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NaPoWriMo Day 14 including writing challenges, prompts 4/14/2010

April 14, 2010

Welcome to Wednesday April 14th, 2010, and hopefully your still
challenging yourself to continue to write a poem as often as you can.
If you can try every day… that absolutely counts. Let those creative
juices flow.

As I’ve written before, play, sing out loud.. even if you are out of
key…you’ve got plenty of company and only so much time. Get beyond
your excuses for NOT doing something and allow yourself the freedom to
create. You’ll find my daily challenge posted at the Dash 30 site
(google it) every night around 10 p.m. Another writing prompt is posted
on the Read-Write site after 10 p.m. every night. Start a poem before
you go to bed, wake up, finish it, post it and repeat the rest of this
National Poetry Month.

Happy writing!!!!!

POEM STARTER NaPoWriMo 14, 2010
by Christopher J. Jarmick
Painted lady flies
past row of brightly painted
Victorian Houses, excited about
floral arrangements of people
at outdoor market.

SEPTOLET for April 14, 2010

Plucked notes
Electric ukulele
Air ballet
Synthesized freedom

Jazz man
Soothing voice
Urban troubadour

(by Christopher J. Jarmick and Teresa Black inspired by musician Michael
Powers)

NaPoWrimo challenge prompt for Wednesday April 14th, 2010
Let’s use some images for poetic inspiration for today’s challenge.
Go to Google… Images
Type in
Spring Farmers Market
Or Painted Ladies (or both)

And look at the images that come up and appeal to you, write a poem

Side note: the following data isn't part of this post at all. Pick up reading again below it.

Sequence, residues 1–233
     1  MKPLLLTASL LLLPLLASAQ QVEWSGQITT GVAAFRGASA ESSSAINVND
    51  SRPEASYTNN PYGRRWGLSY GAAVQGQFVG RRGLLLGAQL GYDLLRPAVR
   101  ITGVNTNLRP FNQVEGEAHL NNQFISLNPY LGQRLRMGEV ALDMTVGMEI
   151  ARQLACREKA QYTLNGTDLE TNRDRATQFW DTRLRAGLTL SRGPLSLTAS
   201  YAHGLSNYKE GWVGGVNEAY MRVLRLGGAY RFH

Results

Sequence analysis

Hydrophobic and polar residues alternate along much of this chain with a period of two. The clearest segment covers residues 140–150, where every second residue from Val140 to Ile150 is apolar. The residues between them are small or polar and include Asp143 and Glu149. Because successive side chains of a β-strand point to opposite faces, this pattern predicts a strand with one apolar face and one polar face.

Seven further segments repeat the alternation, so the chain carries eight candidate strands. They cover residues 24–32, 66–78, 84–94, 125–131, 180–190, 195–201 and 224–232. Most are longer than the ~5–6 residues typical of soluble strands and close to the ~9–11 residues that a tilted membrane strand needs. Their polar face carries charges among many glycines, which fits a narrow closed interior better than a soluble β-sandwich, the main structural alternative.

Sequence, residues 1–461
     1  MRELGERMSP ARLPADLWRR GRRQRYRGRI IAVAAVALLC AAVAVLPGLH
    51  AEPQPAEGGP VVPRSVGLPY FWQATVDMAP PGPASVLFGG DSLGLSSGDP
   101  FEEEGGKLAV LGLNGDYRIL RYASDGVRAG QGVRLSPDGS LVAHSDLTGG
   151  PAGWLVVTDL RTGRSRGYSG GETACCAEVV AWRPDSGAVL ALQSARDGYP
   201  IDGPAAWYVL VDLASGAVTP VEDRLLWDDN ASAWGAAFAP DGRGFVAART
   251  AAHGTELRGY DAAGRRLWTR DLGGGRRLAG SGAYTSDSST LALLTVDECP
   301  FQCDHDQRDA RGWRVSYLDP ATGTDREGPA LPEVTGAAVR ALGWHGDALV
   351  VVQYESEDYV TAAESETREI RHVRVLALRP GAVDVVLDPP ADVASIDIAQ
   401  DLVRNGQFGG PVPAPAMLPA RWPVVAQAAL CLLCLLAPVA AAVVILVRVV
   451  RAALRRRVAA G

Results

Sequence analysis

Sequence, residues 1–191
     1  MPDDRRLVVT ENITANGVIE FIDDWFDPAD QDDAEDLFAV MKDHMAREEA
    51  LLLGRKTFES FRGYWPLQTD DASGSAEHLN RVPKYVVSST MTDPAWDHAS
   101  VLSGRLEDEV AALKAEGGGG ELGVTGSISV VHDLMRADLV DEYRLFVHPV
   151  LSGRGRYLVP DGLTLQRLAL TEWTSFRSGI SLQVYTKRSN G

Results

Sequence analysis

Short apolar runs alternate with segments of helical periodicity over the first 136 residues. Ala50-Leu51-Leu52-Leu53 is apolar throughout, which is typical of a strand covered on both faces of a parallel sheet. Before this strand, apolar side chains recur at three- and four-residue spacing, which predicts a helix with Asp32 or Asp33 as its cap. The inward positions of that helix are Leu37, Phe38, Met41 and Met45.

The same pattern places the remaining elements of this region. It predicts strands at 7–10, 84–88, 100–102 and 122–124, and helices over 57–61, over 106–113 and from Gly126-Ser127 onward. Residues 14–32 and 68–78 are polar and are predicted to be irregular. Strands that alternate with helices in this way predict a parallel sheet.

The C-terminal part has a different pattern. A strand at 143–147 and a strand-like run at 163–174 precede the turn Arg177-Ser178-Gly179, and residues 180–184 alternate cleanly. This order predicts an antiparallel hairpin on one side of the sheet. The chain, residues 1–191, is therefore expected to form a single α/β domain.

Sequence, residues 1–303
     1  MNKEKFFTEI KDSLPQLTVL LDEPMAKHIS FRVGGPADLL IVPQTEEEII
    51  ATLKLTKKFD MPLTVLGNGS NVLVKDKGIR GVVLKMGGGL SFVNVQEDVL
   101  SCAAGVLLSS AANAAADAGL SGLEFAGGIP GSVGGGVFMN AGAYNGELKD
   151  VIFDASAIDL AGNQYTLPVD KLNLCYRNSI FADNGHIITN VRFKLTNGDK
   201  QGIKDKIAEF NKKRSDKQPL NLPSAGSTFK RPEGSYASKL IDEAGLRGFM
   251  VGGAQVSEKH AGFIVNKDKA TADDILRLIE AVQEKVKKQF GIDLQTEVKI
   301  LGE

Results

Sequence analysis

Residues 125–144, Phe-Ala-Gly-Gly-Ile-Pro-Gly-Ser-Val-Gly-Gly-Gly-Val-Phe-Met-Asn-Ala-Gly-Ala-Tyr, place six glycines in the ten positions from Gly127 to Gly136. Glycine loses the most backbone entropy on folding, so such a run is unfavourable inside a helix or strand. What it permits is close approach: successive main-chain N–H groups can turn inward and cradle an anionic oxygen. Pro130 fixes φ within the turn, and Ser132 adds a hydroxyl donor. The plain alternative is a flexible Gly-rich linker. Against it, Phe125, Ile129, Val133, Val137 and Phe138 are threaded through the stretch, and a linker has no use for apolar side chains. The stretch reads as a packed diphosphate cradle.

about one or more of them.
Yes you can use both and combine images….

Painted Dreams Cleave

By Christopher J. Jarmick

Eyes, fixed, staring back / / // stare
off brightly colored brushed velour / into
orange, gold, black, white. / / / / / space
Without warning
Becoming fluttering leaf / / / / Flying
Slicing through air / / / dream
Graceful dance / / / //blast
Only a short time / /of
Left to perform. / inspiration

(This poem is also a Cleave a new experimental form of poetry
conceptualized by Phuoc-Tan Diep.)

Read-Write member Nicole Nicholson’s challenge is to write a cleave
poem. What’s a cleave poem, you ask? It’s three poems in one.

The whole idea works something like this (quoting the creator of the
form, Dr. Phuoc-Tan Diep): “In its most basic form it is three poems:
two parallel ‘vertical’ poems (left and right)…[with] a third
‘horizontal’ poem being the fusion of the vertical poems read together.”
He goes on to say, “One of my aims was to examine how something can be
more than the sum of its parts and can be 3 in 1: synergy, fusion,
co-operation, dialectics, marriage, interdependence, teamwork and The
Trinity.”

More info can be found at The Cleave (including samples) and at the “cleave” entry at Writing.com.

Happy writing!

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